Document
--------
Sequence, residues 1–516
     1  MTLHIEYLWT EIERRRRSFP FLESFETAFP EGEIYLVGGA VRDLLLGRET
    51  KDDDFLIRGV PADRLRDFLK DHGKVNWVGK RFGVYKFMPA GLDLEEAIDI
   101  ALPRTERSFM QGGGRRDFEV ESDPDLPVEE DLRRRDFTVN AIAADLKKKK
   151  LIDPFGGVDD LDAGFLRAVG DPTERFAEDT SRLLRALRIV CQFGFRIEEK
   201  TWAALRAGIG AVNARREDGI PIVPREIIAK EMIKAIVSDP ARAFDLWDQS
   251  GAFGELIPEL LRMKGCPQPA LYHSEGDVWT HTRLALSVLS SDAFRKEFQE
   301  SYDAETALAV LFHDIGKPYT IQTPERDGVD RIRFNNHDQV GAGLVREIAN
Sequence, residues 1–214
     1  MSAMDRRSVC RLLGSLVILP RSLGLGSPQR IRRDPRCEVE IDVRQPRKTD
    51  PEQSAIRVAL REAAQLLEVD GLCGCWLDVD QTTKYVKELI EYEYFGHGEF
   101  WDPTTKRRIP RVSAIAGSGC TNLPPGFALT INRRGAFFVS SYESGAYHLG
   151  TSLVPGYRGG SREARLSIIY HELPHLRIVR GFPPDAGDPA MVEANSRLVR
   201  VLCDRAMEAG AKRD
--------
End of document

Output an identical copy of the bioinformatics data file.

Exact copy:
Sequence, residues 1–516
     1  MTLHIEYLWT EIERRRRSFP FLESFETAFP EGEIYLVGGA VRDLLLGRET
    51  KDDDFLIRGV PADRLRDFLK DHGKVNWVGK RFGVYKFMPA GLDLEEAIDI
   101  ALPRTERSFM QGGGRRDFEV ESDPDLPVEE DLRRRDFTVN AIAADLKKKK
   151  LIDPFGGVDD LDAGFLRAVG DPTERFAEDT SRLLRALRIV CQFGFRIEEK
   201  TWAALRAGIG AVNARREDGI PIVPREIIAK EMIKAIVSDP ARAFDLWDQS
   251  GAFGELIPEL LRMKGCPQPA LYHSEGDVWT HTRLALSVLS SDAFRKEFQE
   301  SYDAETALAV LFHDIGKPYT IQTPERDGVD RIRFNNHDQV GAGLVREIAN
Sequence, residues 1–214
     1  MSAMDRRSVC RLLGSLVILP RSLGLGSPQR IRRDPRCEVE IDVRQPRKTD
    51  PEQSAIRVAL REAAQLLEVD GLCGCWLDVD QTTKYVKELI EYEYFGHGEF
   101  WDPTTKRRIP RVSAIAGSGC TNLPPGFALT INRRGAFFVS SYESGAYHLG
   151  TSLVPGYRGG SREARLSIIY HELPHLRIVR GFPPDAGDPA MVEANSRLVR
   201  VLCDRAMEAG AKRD